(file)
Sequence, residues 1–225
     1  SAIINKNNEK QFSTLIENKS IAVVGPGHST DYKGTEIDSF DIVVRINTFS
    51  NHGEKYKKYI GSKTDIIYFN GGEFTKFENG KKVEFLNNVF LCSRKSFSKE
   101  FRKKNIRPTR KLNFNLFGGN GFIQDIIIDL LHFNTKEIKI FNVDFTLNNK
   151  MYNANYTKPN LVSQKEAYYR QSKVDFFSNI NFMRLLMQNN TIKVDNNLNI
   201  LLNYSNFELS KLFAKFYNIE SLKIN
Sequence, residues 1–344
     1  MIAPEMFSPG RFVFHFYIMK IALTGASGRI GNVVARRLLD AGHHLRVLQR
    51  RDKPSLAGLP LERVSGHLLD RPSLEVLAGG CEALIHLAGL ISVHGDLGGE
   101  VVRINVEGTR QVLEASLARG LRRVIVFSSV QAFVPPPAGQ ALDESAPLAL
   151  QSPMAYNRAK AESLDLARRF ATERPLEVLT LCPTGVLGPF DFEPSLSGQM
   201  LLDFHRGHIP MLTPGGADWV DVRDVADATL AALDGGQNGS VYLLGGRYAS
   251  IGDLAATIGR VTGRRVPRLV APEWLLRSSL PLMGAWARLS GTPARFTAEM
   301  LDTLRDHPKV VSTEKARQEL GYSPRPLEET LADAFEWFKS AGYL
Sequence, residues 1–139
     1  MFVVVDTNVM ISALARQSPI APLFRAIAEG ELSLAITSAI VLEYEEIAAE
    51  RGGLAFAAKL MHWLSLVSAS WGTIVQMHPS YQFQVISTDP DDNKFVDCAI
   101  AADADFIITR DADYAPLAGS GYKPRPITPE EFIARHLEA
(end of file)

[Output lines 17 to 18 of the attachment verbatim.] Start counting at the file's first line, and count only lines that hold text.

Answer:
    51  RGGLAFAAKL MHWLSLVSAS WGTIVQMHPS YQFQVISTDP DDNKFVDCAI
   101  AADADFIITR DADYAPLAGS GYKPRPITPE EFIARHLEA